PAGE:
Eric Clapton, Paul McCartney, and Michael Douglas prove that women do not mind hitching themselves to drastically older men. Stephen Proulx, a zoologist at the University of Toronto, has developed an evolutionary model that makes this behavior easier to understand: It's not just about money, but it's not just about genes either.
The prevailing biological theory for matches between younger women and older men is that mature males have proved the superior fitness of their DNA by the mere fact that they are still around. Using game theory and computer modeling, Proulx argues instead that age-divergent coupling is rooted in appearance. Nearly every animal uses some form of signaling display, such as a peacock's plumage or a buck's antler battles. Such displays cost the animal a lot of energy, and become increasingly hard to maintain with age, so a good display by an elderly male is a more reliable indicator of genetic quality than a comparable show by a younger, stronger one.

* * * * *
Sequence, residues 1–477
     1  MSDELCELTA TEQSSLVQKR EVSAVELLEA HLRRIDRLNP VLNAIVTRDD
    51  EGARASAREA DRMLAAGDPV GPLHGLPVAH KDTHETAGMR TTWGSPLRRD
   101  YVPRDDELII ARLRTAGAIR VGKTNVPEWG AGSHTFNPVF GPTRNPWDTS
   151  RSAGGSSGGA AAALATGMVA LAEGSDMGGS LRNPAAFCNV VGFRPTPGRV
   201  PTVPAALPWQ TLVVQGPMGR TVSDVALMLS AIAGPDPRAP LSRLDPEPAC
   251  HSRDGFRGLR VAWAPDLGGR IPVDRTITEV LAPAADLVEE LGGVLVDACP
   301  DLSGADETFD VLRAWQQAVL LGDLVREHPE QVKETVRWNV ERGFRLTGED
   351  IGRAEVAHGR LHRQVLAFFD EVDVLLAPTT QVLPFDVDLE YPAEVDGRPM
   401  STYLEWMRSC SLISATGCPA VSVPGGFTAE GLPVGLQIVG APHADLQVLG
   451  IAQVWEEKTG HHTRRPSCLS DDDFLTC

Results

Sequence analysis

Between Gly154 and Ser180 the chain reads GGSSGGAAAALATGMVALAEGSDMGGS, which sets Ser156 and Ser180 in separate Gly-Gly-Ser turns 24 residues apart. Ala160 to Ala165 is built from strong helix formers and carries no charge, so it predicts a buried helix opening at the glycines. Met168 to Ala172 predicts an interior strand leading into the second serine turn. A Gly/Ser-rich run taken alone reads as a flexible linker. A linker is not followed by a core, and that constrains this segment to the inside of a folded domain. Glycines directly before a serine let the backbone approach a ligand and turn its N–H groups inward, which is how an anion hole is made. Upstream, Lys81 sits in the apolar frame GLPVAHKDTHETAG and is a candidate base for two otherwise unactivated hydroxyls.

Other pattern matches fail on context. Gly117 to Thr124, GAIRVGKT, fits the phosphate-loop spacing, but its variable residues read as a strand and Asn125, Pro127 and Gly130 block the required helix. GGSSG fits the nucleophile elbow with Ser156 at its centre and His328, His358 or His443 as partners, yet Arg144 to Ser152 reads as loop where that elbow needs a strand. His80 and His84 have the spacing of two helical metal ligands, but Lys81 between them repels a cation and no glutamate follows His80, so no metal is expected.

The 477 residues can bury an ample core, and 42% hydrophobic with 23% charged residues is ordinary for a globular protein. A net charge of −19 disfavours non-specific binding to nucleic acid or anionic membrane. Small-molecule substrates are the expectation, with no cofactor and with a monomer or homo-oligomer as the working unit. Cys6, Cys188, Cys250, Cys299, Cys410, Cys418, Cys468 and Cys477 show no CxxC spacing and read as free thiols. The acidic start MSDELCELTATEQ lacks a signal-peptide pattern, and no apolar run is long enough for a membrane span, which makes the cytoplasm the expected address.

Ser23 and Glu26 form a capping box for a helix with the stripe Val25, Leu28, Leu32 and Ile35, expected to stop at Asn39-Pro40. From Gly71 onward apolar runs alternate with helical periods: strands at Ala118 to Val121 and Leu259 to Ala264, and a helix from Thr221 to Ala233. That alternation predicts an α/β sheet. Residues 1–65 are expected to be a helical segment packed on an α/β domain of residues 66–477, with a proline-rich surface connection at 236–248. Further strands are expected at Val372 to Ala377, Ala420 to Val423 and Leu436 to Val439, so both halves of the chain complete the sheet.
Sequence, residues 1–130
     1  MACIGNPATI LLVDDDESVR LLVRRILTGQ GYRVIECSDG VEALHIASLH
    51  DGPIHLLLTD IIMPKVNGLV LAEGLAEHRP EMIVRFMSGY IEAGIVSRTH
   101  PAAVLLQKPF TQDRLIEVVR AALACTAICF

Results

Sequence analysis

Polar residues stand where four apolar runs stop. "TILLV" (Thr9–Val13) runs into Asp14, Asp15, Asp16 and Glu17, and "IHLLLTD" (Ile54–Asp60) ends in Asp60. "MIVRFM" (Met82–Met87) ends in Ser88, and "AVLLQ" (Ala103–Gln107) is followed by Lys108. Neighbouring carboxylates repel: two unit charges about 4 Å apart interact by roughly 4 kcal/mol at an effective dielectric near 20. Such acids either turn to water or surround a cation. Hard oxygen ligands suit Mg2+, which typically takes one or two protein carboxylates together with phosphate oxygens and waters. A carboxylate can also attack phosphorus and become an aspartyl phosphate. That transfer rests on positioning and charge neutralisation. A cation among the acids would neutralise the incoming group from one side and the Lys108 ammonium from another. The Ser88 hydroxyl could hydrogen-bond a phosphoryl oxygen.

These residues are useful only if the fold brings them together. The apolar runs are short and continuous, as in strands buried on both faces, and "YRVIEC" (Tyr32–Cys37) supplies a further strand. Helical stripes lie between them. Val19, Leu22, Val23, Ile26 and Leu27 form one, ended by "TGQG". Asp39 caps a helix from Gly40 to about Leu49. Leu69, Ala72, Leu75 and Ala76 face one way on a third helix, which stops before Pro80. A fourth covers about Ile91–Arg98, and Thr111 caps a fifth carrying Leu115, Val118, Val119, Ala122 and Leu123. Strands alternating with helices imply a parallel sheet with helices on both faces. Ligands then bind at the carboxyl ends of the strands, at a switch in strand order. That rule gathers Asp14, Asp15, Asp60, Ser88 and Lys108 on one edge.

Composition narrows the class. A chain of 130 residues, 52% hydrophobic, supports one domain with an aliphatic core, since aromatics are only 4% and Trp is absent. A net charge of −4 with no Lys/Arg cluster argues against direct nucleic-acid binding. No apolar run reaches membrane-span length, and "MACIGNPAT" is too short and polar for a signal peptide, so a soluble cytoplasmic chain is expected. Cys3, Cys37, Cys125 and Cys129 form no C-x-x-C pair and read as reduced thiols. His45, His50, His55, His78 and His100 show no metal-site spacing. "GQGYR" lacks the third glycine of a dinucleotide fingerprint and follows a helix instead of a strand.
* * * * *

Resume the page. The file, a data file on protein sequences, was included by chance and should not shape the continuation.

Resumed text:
In human terms, an older man flaunting a new Porsche is more persuasive to a potential mate than a young man making a similar display. The show of wealth tends to reflect the fitness over time of the older man; from a young upstart, it might mean he has traded long-term for short-term success. "It loosely translates to a young guy not blowing his college savings on a sports car, while a 65-year-old figures, 'What the hell,'" Proulx says. "I call it the 'Revenge of the Nerds' effect."